Music is often referred to as the ultimate form of escapism, and for good reason; no matter how rough circumstances get, music allows us the chance to tune the world out and tune into ourselves. With the sudden spread of COVID-19 and the massive disruption it has caused to our everyday lives, people are turning to music now more than ever.

Fortunately for music fans, some of the most anticipated music albums of the year have dropped this month from artists such as Lil Uzi Vert, The Weeknd and Childish Gambino. For those who are bored in the house or looking for something to listen to, here are some suggestions for the perfect new songs to stream under quarantine. 

On March 6, American singer-songwriter Jhené Aiko kicked off the month with her third studio album “Chilombo,” a mix of 20 satisfying psychedelic-infused tracks. While the album can sometimes be inconsistent in its quality, a handful of interesting features make up for it on tracks such as “B.S. (feat. H.E.R.),” “Party For Me (feat. Ty Dolla $ign)” and “Happiness Over Everything (feat. Future and Miguel).”  

Quite possibly the most anticipated release of the year was Philadelphia rapper Lil Uzi Vert’s long delayed third studio-album “Eternal Atake” on March 6, which he followed up with “Eternal Atake (Deluxe) – LUV vs. The World 2” just a week later on March 13. While Lil Uzi’s solo effort on “Eternal Atake” often triumphs over its more feature-heavy counterpart, the combined 32 songs are among some of the best content the rapper has to offer (specifically the songs “Baby Pluto,” “Myron” and “That Way”).  

Houston rapper Don Toliver, a member of Travis Scott’s creative collective, Cactus Jack, also dropped his debut album “Heaven or Hell” earlier in the month on March 13. “Heaven or Hell,” which follows Toliver’s big breakout moment on the song “CAN’T SAY” from Travis Scott’s 2018 album “ASTROWORLD,” struggles to find its footing at times but still cements the unique nature of the artist nonetheless. Tracks like “Euphoria (feat. Travis Scott and Kaash Paige),” “Cardigan,” “After Party” and “No Idea” are among some of the most satisfying and well-tuned tracks of the year so far.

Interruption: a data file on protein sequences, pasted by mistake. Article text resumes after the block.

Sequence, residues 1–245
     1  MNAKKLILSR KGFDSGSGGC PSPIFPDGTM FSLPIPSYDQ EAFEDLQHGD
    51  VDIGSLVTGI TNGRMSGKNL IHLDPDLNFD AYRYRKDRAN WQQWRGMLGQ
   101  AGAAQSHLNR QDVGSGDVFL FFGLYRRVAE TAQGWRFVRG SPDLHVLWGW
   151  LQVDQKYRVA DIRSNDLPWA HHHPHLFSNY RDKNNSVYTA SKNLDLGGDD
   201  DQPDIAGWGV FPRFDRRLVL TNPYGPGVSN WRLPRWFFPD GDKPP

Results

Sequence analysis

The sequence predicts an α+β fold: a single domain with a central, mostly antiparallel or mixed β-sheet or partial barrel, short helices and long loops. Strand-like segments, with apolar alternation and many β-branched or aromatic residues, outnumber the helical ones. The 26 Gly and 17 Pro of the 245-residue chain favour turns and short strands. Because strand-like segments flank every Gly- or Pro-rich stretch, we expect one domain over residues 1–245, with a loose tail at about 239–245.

“Circles (Deluxe),” the heightened version of Pittsburgh rapper Mac Miller’s first posthumous album, brought two new songs from the late artist on March 19. Produced by composer-producer Jon Brion, the melancholy tracks “Right” and “Floating” offer a new perspective into the mind of the artist before his passing and are definitely worth a listen.

After months of anticipation, artist Abel Tesfaye (The Weeknd) dropped 14 tracks of pure R&B bliss on his latest album “After Hours” on March 20. “After Hours,” which follows the Toronto singer on a cinematic-esque journey through his inner despair, acts as the perfect reinvention of the artist and brings many new 80’s-inspired synth beats to the table. “Blinding Lights,” “Save Your Tears,” “Snowchild” and “Too Late” are four tracks that music fans young and old should not miss. 

March 20 also brought about the release of 21-year-old singer and social media influencer Conan Grey’s debut album “Kid Krow.” While the 12 tracks on “Kid Krow” don’t necessarily bring anything new to the table, the album boasts a lot of pleasing indie-pop tunes that are bound to become smash radio hits in the near future. “Wish You Were Sober,” “The Cut That Always Bleeds” and the already-popular “Maniac” solidify Grey as a worthy competitor to other new up-and-coming artists.    

Last but not certainly not least, Georgia-raised rapper Childish Gambino (Donald Glover) dropped his new album “3.15.20” on streaming services March 22, a week after releasing the album on his website, “Donald Glover Presents,” for a limited time to fans. Posing as a fruitful reinvention of Glover’s sound, the album highlights the artist’s unique personality and features others such as Ariana Grande and 21 Savage on the songs “Time” and “12.38.” 

Even in the midst of a country-wide quarantine and fear surrounding the coronavirus, all of this music and more has helped to ease the fears of many people and flatten the curve as everyone stays at home. 

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